It seems like Canada is on the verge of building new academic traditions and that there is hope for domestic MFA programs in the near future; I would like to take part in building those traditions and strengthening the international networks of our community through my academic experience.
Since I graduated from ACAD in 1999, I have designed and produced my own work while working for other artists and galleries. Primarily, my work has been based in the craft tradition of vessel making. For me, graduate school is an opportunity to explore new terrain with my work; making work that is larger in scale and more expressive, calling on architectural forms as a basis for inspiration and using glass to alter and shape light. It is 13 years since I graduated from ACAD with my BFA and I have been working steadily since that time to develop my work and my career. It will be interesting to see what comes of my time in the studio when I am not under financial pressure to produce the work I know will sell.
BGSU is in Northwest Ohio about 30 minutes south of Toledo. This is a region with a rich glass history both in terms of industrial glass production and the studio glass movement. Dominic Labino, one of the founders of the studio glass movement, received an honorary doctorate from BGSU in 1970. The 1962 glass workshop at the Toledo Museum of Art (TMA) is widely viewed as the seminal event for the studio glass movement; the GAS conference in Toledo this June will be celebrating the 50th anniversary of the workshop.
The facilities here are great: two 500 lb Wet Dog electric furnaces, gas garage, three benches, two large kilns for casting, and three large annealors. Although there is no room to set up a lampworking station permanently, we will be bending tubes for neon this summer as a special project. The cold shop is equipped with grit wheels, a Denver and a Merker lathe, lapidary saw, band saw, cork and cerium wheels, a large sand-blaster and a gluing station. There is also a plaster area with a steamer and wax pot for mold preparation.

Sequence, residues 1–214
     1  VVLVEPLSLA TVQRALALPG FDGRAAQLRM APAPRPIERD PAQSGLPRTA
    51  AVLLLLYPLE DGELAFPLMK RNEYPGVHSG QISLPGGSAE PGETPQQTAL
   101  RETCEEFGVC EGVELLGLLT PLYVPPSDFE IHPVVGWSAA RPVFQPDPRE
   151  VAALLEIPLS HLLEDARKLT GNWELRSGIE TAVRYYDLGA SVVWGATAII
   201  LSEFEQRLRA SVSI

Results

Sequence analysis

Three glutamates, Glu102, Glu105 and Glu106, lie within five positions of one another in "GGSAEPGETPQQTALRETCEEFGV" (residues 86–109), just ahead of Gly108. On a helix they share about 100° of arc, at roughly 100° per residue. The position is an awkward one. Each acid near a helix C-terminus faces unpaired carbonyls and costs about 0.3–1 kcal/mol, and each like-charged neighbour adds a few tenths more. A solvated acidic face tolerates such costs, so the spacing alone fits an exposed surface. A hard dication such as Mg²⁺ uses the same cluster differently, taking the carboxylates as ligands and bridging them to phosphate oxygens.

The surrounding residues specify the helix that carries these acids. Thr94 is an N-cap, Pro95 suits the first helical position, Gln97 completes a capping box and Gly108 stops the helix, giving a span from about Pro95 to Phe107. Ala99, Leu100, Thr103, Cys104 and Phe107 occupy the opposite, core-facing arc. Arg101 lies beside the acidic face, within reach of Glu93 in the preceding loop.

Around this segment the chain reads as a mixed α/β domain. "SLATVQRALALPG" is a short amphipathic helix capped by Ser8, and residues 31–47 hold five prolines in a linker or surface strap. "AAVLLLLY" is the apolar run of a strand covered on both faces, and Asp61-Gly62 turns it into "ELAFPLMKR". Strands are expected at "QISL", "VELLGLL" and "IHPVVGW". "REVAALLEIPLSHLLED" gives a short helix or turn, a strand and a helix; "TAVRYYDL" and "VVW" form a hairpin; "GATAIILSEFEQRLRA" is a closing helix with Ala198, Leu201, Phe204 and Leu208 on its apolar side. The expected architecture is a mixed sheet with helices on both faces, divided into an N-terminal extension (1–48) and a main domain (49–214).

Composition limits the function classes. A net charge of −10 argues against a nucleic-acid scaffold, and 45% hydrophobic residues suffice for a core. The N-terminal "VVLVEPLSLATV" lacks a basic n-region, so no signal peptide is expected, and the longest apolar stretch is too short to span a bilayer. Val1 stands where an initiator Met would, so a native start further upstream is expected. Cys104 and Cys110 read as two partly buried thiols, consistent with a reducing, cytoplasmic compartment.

The glass area at BGSU is part of the 3-Dimensional Studies Department of the School of Art. Students at BGSU are encouraged to approach their education from a multimedia standpoint and the programs are set up for mobility between studios. There are about 90 undergraduate students taking glass classes, and about 20 ‘majors’. In the glass area, we are moving toward a comprehensive glass education; covering all aspects of working with glass rather than focusing on the hot shop process. Visiting artists form an important part of the curriculum (Laura Donefer in October, 2011, Ethan Stern in November, 2011). The student glass association (SAGA) is active in fundraising and community building.
The proximity to the collection at the TMA and the new hot shop facilities reinforced my enthusiasm to accept a graduate position at Bowling Green State University. I am currently the only graduate student in glass, but the school has an incoming first-year graduate student in the fall and will continue to accept a new graduate student annually. If you are interested in the BGSU program contact Robert Geyer email@example.com or myself jallanatbgsu.edu.
Jill Allan is a Canadian glass artist from Vancouver Island working towards an MFA at Bowling Green State University in Ohio (BFA 1999 ACAD). Jill is using her time at school to develop new techniques and formats for her work